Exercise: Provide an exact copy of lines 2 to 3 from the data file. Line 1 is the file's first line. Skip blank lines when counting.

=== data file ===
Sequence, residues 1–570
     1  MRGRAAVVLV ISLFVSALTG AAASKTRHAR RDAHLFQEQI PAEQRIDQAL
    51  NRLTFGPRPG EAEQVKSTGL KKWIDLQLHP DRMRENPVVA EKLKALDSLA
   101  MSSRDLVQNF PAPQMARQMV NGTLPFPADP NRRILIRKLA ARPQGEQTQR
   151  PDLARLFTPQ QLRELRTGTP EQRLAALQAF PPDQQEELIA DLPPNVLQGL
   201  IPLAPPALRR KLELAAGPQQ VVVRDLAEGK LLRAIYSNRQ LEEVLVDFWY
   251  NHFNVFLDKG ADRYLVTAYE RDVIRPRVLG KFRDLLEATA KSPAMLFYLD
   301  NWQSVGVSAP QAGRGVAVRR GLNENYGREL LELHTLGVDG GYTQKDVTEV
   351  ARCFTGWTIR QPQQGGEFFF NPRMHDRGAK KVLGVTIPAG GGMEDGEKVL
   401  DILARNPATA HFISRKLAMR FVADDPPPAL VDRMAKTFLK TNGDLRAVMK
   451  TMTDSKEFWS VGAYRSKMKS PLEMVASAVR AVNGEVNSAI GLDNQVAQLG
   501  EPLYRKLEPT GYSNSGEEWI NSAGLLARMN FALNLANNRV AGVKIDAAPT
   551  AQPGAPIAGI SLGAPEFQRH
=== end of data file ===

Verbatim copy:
     1  MRGRAAVVLV ISLFVSALTG AAASKTRHAR RDAHLFQEQI PAEQRIDQAL
    51  NRLTFGPRPG EAEQVKSTGL KKWIDLQLHP DRMRENPVVA EKLKALDSLA